“The conscious and intelligent manipulation of the organized habits and opinions of the masses is an important element in democratic society. Those who manipulate this unseen mechanism of society constitute an invisible government which is the true ruling power of our country. We are governed, our minds are molded, our tastes formed, our ideas suggested, largely by men we have never heard of.”
– Edward Bernays “Propaganda”
If the two fundamental traits required for public relations are an interest in persuasive writing and an obsession with following the news, then I’d like to believe I’ve acquired these skills through fate. When I arrived at the University of Waterloo I chose Rhetoric and Professional Writing as my major. I really enjoyed my courses and one professor so much (the great Michael MacDonald) that I decided to continue on to earn my Master’s degree in Rhetoric and Communications. Mainly due to the fact that Prof. MacDonald was teaching a course entitled “Propaganda: Weapons of Mass Persuasion”. In that course we focused heavily on critical analysis of rhetoric, propaganda and information warfare. During that course I read Propaganda and Crystalizing Public Opinion by Edward Bernays and I found the whole history of PR eye-opening. Though my courses were focused on critical analysis more so than practical applications, nevertheless I wanted to become the invisible manipulator that Bernays wrote about.
The News Junkie
The other side of the equation didn’t happen in the classroom. I can safely say that the events of September 11th, 2001 forced me to be interested in the news, politics and the larger world around me. Of course I was only in grade 11 at the time, but the world really did change. I was glued to CNN that day and have pretty much been a news junkie ever since. Then the financial crisis of 2008 happened and I suddenly expanded my news interest into the economy, business and finance. Naturally these interests are always filtered through the lens of communication.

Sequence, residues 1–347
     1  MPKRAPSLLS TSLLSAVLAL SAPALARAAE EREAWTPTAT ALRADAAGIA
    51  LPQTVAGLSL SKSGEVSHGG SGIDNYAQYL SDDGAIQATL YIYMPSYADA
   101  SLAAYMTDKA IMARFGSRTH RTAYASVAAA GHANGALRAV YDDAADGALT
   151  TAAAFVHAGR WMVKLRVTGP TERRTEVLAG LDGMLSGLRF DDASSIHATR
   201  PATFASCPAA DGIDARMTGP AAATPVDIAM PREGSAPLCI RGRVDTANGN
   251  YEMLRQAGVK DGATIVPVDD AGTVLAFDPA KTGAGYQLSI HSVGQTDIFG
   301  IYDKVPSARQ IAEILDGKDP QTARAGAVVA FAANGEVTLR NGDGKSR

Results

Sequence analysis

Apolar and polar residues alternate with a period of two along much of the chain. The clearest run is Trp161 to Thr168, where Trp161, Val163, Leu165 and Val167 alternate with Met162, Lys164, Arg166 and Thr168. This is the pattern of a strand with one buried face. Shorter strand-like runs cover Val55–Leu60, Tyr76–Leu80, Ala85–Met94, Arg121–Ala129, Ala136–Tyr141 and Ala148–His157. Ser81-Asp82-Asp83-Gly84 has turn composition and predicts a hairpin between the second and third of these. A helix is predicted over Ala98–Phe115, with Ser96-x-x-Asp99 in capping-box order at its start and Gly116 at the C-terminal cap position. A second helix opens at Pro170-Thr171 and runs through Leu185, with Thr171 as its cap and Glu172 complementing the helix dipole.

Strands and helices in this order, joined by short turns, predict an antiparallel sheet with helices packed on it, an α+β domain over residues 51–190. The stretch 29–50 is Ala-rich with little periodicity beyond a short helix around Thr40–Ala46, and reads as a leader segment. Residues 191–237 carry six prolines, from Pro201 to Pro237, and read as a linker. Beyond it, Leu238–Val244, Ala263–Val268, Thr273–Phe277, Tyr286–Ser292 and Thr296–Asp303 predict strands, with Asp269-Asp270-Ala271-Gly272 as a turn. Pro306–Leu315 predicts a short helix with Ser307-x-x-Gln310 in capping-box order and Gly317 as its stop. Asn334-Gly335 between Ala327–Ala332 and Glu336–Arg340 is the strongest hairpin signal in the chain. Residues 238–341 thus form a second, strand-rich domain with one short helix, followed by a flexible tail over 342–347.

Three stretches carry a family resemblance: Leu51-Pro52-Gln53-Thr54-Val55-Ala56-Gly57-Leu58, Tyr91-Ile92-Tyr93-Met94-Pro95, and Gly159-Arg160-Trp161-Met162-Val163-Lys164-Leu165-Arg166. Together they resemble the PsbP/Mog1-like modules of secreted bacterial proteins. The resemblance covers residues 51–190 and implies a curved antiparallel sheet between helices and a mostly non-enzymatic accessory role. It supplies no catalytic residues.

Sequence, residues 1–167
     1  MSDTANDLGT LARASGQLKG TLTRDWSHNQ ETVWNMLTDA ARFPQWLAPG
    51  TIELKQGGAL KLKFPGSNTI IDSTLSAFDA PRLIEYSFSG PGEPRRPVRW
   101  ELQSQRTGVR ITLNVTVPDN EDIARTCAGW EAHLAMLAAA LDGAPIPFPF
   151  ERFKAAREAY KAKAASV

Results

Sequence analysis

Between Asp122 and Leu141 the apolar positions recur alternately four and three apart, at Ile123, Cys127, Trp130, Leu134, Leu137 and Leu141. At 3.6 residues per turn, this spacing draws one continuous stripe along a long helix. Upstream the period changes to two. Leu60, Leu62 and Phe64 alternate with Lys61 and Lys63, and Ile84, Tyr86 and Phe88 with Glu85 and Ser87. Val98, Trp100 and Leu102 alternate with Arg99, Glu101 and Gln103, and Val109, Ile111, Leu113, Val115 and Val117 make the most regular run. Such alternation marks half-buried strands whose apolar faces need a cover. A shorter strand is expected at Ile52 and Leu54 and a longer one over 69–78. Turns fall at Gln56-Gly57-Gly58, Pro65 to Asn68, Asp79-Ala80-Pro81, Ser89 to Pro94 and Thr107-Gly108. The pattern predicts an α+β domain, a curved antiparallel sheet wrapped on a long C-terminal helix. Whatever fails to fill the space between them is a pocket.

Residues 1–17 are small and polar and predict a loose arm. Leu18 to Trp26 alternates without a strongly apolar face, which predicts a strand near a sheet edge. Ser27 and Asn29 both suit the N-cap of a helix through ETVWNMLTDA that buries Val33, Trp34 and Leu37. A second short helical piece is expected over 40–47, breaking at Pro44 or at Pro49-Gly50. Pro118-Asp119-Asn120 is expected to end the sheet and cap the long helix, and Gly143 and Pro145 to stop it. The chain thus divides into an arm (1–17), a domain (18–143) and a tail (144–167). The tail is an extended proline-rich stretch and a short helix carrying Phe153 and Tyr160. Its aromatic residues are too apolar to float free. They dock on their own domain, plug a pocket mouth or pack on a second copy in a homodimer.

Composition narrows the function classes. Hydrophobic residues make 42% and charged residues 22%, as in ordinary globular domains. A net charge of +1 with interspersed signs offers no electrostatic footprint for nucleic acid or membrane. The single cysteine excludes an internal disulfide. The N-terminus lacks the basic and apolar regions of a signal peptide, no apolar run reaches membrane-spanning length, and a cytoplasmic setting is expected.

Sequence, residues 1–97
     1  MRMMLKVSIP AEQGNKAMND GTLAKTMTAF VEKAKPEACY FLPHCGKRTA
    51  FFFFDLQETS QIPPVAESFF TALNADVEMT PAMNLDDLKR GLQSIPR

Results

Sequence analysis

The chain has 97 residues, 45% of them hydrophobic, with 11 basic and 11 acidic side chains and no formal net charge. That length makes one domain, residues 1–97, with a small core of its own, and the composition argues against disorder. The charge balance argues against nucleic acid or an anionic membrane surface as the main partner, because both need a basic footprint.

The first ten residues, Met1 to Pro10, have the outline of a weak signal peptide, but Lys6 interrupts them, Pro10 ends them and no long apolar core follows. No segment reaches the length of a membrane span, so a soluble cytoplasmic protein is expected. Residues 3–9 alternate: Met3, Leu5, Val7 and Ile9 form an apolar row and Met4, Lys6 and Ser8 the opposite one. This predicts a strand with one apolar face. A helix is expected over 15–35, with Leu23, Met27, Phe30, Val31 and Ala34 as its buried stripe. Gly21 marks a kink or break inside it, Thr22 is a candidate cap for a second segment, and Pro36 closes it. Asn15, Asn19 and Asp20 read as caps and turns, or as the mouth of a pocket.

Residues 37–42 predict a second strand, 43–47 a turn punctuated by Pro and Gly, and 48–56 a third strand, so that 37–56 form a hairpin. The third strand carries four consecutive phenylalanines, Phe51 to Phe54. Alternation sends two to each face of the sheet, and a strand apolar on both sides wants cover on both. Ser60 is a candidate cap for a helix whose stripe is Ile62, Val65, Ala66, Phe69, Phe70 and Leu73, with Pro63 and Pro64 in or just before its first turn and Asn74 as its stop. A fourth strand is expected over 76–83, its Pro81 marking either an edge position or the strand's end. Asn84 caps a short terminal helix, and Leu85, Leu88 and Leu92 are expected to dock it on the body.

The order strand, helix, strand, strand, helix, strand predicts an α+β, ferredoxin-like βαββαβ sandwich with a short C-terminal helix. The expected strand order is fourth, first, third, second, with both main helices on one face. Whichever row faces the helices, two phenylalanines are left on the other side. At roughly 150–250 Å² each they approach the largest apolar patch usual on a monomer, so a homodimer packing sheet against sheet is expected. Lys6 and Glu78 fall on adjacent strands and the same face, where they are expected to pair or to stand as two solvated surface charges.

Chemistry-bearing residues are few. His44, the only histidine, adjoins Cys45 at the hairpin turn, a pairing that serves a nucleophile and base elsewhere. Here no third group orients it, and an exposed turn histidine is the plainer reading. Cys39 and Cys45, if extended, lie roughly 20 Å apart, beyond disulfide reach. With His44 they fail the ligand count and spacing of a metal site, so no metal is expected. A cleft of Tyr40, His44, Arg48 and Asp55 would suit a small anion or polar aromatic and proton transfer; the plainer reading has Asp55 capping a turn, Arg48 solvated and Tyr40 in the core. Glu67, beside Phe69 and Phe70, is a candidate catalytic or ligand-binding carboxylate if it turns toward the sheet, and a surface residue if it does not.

Despite my keen interest in Public Relations, I didn’t really have the proper education to work at a PR agency. I knew that a post-graduate certificate in Public Relations was a great way to break into the field, but after six years of University I didn’t feel that more education was the answer. So I began working as a technical writer and found it as boring and difficult as I imagined it would be. I hoped that pivoting to Marketing Communications would be more fulfilling at some level. While it was certainly more interesting than technical writing, it still lacked the larger focus and context of either PR or Corporate Communications. In the end, it didn’t matter how I felt because I was laid-off during company re-structuring.
I spent a long time looking for new work in a larger Communications role, only to find that despite my two degrees and work experience, I didn’t have the skills or connections necessary to land where I wanted. Interviewers inevitably asked questions about my previous experience in: project management, media relations, social media and internet metrics. I simply didn’t have what they were looking for. Having neither a job nor money, suddenly going back to school was more palatable.
I chose Centennial College because I wanted to learn from real professionals with real experiences. No more academics, no more theoretical analysis, no more knowledge for the sake of knowledge. I first looked at the type of companies I wanted to work for: Edelman, Ogilvy, FleishmanHilliard, Hill + Knowleton etc. and I saw Centennial graduates among their ranks. Then I looked at the type of Coordinators that ran the CCPR program: Barry Waite had extensive PR agency experience, and Donna Lindell had extensive Corporate Communications experience. Lastly, the courses focused on the specific skill sets that I knew I lacked. Add all those factors up and now here I am becoming who I want to be.